Vow to end power monopoly

The West Australian, September 8, 2016:

Households and small businesses in Perth and the South West will be able to choose where they buy electricity for the first time within three years under plans by WA Energy Minister Mike Nahan.

Dr Nahan has pledged to end State-owned power provider Synergy’s monopoly in the small-scale electricity market by July 2019 if the Government is re-elected in March.

And in comments that could have big implications for Synergy, Dr Nahan said he would bring in so-called full retail contestability (FRC) regardless of whether the prices the utility charged covered its costs.

The pledge drew scorn from the Opposition, which noted Dr Nahan had already delayed his own deadline for FRC and the Government had done almost nothing to promote the concept in eight years.

Synergy will receive $320 million from taxpayers this financial year to subsidise the electricity it provides to the residential market.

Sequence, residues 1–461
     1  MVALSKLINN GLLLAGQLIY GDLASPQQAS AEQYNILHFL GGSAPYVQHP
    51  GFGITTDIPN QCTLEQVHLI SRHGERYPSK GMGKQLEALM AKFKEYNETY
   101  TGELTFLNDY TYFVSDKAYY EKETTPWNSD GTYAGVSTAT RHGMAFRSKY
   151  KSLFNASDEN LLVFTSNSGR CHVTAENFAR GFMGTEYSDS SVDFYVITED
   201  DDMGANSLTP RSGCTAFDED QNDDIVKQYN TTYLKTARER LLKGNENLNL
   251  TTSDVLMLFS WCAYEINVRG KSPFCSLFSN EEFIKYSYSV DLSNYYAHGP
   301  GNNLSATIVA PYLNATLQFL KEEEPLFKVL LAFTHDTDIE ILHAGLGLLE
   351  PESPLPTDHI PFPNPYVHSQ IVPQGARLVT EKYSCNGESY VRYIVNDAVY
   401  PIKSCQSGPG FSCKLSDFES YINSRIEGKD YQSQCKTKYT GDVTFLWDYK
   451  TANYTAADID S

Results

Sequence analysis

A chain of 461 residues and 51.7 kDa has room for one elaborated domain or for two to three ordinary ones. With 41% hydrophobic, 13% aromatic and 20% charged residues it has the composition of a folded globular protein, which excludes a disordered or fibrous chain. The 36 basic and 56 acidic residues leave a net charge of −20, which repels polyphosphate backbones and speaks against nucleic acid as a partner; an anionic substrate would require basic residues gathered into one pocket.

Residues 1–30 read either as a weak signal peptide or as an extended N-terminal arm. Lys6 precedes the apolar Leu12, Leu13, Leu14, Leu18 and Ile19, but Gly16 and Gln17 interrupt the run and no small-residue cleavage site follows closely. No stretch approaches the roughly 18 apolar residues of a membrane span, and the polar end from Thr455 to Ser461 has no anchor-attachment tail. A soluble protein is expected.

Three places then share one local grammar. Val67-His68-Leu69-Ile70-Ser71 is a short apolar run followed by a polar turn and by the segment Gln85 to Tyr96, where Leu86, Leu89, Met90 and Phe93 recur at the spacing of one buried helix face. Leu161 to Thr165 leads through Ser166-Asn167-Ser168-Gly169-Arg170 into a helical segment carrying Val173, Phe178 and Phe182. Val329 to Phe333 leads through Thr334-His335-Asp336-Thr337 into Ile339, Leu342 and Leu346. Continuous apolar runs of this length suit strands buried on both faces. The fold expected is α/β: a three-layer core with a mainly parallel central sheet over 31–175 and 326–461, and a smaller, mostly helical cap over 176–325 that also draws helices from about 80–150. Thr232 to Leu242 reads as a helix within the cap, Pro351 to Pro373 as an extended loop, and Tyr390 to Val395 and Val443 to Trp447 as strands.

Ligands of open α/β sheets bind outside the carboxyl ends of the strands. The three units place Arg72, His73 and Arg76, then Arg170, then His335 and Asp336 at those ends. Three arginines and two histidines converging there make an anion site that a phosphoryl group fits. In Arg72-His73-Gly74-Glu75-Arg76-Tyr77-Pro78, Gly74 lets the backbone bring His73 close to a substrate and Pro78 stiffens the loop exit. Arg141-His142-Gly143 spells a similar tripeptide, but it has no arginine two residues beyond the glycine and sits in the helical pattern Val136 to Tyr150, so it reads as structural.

Mike Nahan has pledged to end State-owned power provider Synergy’s monopoly in the small-scale electricity market.

Dr Nahan suggested private companies could also be eligible if they provided power cheaper.

“Whether it’s splitting Synergy up or allowing private competition, what we will commit to do is have full retail contestability even if the subsidy exists by July 1, 2019,” Dr Nahan said.

“We are going to go to a process to allow open competition to the small business and residential (markets) even if there are subsidies.

“There are ways by which you can allocate the subsidies to private providers as well as Synergy.

“The exact structure by which we do that, whether Synergy is whole and private retailers come in like Perth Energy or Alinta or whatever, is yet to be determined.

“But without competition and choice you’re not going to get the efficiency you need in this system.”

Shadow energy minister Bill Johnston said while ending Synergy’s monopoly was the “inevitable consequence” of the previous Labor government’s break-up of the old Western Power, he put no store in the minister’s competition pledge.

“We’ve been surprised the Liberal Party has not deregulated the small-business tariff — they could have done that years ago,” he said.